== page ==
The Penguins have made as radical a switch as they can for Game 5 Thursday night, replacing goalie Marc-Andre Fleury with Islanders nemesis Tomas Vokoun in an effort to finally take control of the series. The Islanders' response was a vow to not change a thing.
At least they won't be altering their attitude and preparation just because they will face a 15-year veteran who was described by Penguins coach Dan Bylsma, after the 6-4 loss Tuesday, as "a guy who can step in and play. He's had success and won hockey games against this team."
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Bylsma made it official in Pittsburgh Wednesday afternoon, after the Islanders left Nassau Coliseum for the airport following an optional workout. At the time, they did not know for sure that they will be facing someone different, but they basically said it doesn't matter.
"Our approach going into the series was to put a lot of pucks on net. If they change goaltenders, we're going to continue to do that," Brad Boyes said. "We need to get pucks there and we need guys there. Regardless of who's in net, that's still a game plan of ours."
Coach Jack Capuano said the Islanders prepared before the series for every contingency. He added that many of his team's goals would have gone in against anybody. "Listen, I know everybody is making a thing about Fleury, but he's a Stanley Cup goaltender," Capuano said. "Whoever they put in the net is going to give them a chance to win."
Keith Aucoin said, "You can't worry about a goalie. When we're playing well, we're getting a lot of shots, a lot of traffic."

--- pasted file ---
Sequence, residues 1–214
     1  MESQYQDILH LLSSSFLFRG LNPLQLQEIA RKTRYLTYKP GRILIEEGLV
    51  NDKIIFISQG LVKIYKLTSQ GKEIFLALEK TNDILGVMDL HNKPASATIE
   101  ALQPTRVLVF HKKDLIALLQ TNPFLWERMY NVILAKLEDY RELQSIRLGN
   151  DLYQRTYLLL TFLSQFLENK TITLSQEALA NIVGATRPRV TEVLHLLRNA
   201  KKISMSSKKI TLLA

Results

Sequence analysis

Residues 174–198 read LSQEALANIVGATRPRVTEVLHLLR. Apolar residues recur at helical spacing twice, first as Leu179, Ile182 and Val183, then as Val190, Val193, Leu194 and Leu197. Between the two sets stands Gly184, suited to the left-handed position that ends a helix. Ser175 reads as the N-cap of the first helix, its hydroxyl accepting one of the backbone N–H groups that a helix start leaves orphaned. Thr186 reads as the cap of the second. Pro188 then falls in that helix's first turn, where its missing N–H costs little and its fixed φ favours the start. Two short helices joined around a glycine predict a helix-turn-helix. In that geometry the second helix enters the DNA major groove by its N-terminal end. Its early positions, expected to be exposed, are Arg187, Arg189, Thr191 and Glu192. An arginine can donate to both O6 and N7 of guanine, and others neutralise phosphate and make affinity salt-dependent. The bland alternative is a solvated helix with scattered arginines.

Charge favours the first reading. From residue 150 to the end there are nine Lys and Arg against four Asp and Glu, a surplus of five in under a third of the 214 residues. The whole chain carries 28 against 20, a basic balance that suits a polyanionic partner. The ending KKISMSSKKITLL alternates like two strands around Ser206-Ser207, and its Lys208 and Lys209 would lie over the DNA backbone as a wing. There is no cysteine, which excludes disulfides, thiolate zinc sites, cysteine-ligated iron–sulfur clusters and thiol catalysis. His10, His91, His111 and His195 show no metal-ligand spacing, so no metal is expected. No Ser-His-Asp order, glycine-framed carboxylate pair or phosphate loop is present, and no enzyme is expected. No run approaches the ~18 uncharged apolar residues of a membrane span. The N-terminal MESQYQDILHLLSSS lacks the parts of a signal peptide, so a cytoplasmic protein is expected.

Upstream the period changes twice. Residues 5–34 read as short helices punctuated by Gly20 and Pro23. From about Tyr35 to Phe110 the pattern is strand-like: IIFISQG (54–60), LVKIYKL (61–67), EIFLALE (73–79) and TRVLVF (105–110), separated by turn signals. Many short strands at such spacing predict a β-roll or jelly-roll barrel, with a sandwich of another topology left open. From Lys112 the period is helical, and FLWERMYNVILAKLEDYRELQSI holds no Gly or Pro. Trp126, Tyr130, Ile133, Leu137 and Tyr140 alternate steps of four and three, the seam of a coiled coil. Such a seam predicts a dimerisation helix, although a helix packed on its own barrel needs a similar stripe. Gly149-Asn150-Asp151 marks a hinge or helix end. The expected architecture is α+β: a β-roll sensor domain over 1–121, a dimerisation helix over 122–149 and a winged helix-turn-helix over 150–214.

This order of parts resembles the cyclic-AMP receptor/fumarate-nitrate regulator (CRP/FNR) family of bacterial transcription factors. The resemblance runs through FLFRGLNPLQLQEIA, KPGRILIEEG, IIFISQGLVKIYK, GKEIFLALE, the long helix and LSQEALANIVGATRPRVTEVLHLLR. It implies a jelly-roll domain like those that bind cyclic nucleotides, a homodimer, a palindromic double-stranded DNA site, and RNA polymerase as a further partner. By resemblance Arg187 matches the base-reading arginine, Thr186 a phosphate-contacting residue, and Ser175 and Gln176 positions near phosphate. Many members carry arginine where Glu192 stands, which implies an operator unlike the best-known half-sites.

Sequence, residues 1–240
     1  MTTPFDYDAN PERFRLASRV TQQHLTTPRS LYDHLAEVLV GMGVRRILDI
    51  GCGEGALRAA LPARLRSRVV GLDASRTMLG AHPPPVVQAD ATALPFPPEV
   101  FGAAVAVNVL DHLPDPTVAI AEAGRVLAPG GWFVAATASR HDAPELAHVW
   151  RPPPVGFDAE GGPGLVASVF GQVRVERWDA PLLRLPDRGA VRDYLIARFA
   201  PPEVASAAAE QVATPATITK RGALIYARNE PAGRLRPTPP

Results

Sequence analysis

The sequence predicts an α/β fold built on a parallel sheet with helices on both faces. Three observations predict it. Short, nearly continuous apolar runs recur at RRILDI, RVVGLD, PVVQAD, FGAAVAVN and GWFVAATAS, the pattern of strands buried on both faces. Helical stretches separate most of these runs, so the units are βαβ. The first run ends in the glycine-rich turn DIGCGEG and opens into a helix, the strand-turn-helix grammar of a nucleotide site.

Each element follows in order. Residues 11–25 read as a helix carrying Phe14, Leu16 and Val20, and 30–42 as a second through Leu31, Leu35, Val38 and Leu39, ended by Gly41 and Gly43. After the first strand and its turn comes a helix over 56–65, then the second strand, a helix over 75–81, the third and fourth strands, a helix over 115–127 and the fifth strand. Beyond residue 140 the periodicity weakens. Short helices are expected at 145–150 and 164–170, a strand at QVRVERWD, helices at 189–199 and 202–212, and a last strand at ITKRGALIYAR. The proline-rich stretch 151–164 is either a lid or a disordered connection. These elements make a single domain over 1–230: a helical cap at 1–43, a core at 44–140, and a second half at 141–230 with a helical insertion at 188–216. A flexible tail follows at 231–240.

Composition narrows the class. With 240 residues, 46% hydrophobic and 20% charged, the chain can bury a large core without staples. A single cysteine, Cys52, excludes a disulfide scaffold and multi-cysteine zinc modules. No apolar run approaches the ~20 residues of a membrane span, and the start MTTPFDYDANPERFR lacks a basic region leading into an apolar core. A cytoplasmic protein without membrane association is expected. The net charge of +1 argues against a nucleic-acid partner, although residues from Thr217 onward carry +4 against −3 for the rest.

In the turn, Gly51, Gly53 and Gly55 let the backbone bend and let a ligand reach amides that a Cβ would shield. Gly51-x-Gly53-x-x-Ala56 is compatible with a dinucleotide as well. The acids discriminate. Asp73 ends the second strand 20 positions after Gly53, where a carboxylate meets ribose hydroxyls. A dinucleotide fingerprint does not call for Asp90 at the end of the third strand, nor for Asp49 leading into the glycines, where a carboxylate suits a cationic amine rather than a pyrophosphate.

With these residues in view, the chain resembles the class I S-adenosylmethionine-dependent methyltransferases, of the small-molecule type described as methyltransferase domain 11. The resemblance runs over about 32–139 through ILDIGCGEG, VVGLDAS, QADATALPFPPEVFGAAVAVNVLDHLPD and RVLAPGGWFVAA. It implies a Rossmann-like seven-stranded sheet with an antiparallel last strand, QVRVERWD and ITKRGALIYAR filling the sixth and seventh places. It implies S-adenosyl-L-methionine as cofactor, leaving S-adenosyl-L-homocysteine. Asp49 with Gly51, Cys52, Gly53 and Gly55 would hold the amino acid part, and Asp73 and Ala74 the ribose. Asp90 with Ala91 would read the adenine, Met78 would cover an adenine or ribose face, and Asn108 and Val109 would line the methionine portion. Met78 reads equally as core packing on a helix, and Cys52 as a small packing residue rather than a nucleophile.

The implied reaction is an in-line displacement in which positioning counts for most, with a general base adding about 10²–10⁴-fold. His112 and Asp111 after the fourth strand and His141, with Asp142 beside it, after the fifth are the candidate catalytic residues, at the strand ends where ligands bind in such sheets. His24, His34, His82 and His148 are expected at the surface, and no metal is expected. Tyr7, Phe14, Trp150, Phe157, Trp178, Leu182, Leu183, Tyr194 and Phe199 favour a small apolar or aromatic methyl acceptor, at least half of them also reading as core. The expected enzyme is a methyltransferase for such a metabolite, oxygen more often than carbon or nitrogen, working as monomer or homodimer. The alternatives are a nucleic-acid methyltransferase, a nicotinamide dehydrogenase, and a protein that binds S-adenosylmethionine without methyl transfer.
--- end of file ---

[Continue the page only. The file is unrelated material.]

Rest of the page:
The Penguins apparently acquired Vokoun, 36, (from the Capitals for a seventh-round pick) for just such an occasion. They were eliminated in the first round by the Flyers last year when Fleury sputtered and believed they needed insurance.
"We brought Tomas Vokoun in to play big games for us," Bylsma told reporters Wednesday in Pittsburgh. "He has done that this year for us and he has been very good in the three games he has played against the Islanders."
Vokoun is 3-0 and has allowed only three goals in three starts and one other appearance against the Islanders in 2013. Lifetime against them, he is 17-7-1 with a 1.95 goals-against average. On the other hand, he is 3-8 all-time in the playoffs (all with the Predators) and has not been in a postseason game since 2007.
Whatever his most pertinent statistic might be, the Islanders have no plan to scrap their own prevailing style. "We have to get in the dirty areas, get in front of the goalie so that it's hard on him," Matt Carkner said. "One player change isn't really going to affect us too much. Being a goalie, maybe there are different tendencies that we can look at, but it's not going to change a whole lot."